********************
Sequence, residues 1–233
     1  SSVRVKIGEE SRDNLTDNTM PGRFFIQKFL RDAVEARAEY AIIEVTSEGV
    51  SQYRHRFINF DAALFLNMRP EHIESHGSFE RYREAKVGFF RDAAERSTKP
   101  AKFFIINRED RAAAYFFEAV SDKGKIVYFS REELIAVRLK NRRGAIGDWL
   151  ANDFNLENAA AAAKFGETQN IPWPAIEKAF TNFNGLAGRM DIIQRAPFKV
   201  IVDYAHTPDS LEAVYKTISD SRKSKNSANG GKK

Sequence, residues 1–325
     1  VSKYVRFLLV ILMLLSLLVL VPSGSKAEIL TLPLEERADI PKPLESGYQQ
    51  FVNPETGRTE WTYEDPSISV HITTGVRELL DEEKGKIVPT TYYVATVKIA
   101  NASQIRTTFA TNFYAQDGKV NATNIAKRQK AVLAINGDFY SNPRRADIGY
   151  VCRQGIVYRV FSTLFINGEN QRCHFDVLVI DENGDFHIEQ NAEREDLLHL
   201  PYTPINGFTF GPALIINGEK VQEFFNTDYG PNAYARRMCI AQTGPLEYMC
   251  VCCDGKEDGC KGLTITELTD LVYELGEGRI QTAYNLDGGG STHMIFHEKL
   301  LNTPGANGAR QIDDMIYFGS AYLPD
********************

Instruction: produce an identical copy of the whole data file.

Sequence, residues 1–233
     1  SSVRVKIGEE SRDNLTDNTM PGRFFIQKFL RDAVEARAEY AIIEVTSEGV
    51  SQYRHRFINF DAALFLNMRP EHIESHGSFE RYREAKVGFF RDAAERSTKP
   101  AKFFIINRED RAAAYFFEAV SDKGKIVYFS REELIAVRLK NRRGAIGDWL
   151  ANDFNLENAA AAAKFGETQN IPWPAIEKAF TNFNGLAGRM DIIQRAPFKV
   201  IVDYAHTPDS LEAVYKTISD SRKSKNSANG GKK

Sequence, residues 1–325
     1  VSKYVRFLLV ILMLLSLLVL VPSGSKAEIL TLPLEERADI PKPLESGYQQ
    51  FVNPETGRTE WTYEDPSISV HITTGVRELL DEEKGKIVPT TYYVATVKIA
   101  NASQIRTTFA TNFYAQDGKV NATNIAKRQK AVLAINGDFY SNPRRADIGY
   151  VCRQGIVYRV FSTLFINGEN QRCHFDVLVI DENGDFHIEQ NAEREDLLHL
   201  PYTPINGFTF GPALIINGEK VQEFFNTDYG PNAYARRMCI AQTGPLEYMC
   251  VCCDGKEDGC KGLTITELTD LVYELGEGRI QTAYNLDGGG STHMIFHEKL
   301  LNTPGANGAR QIDDMIYFGS AYLPD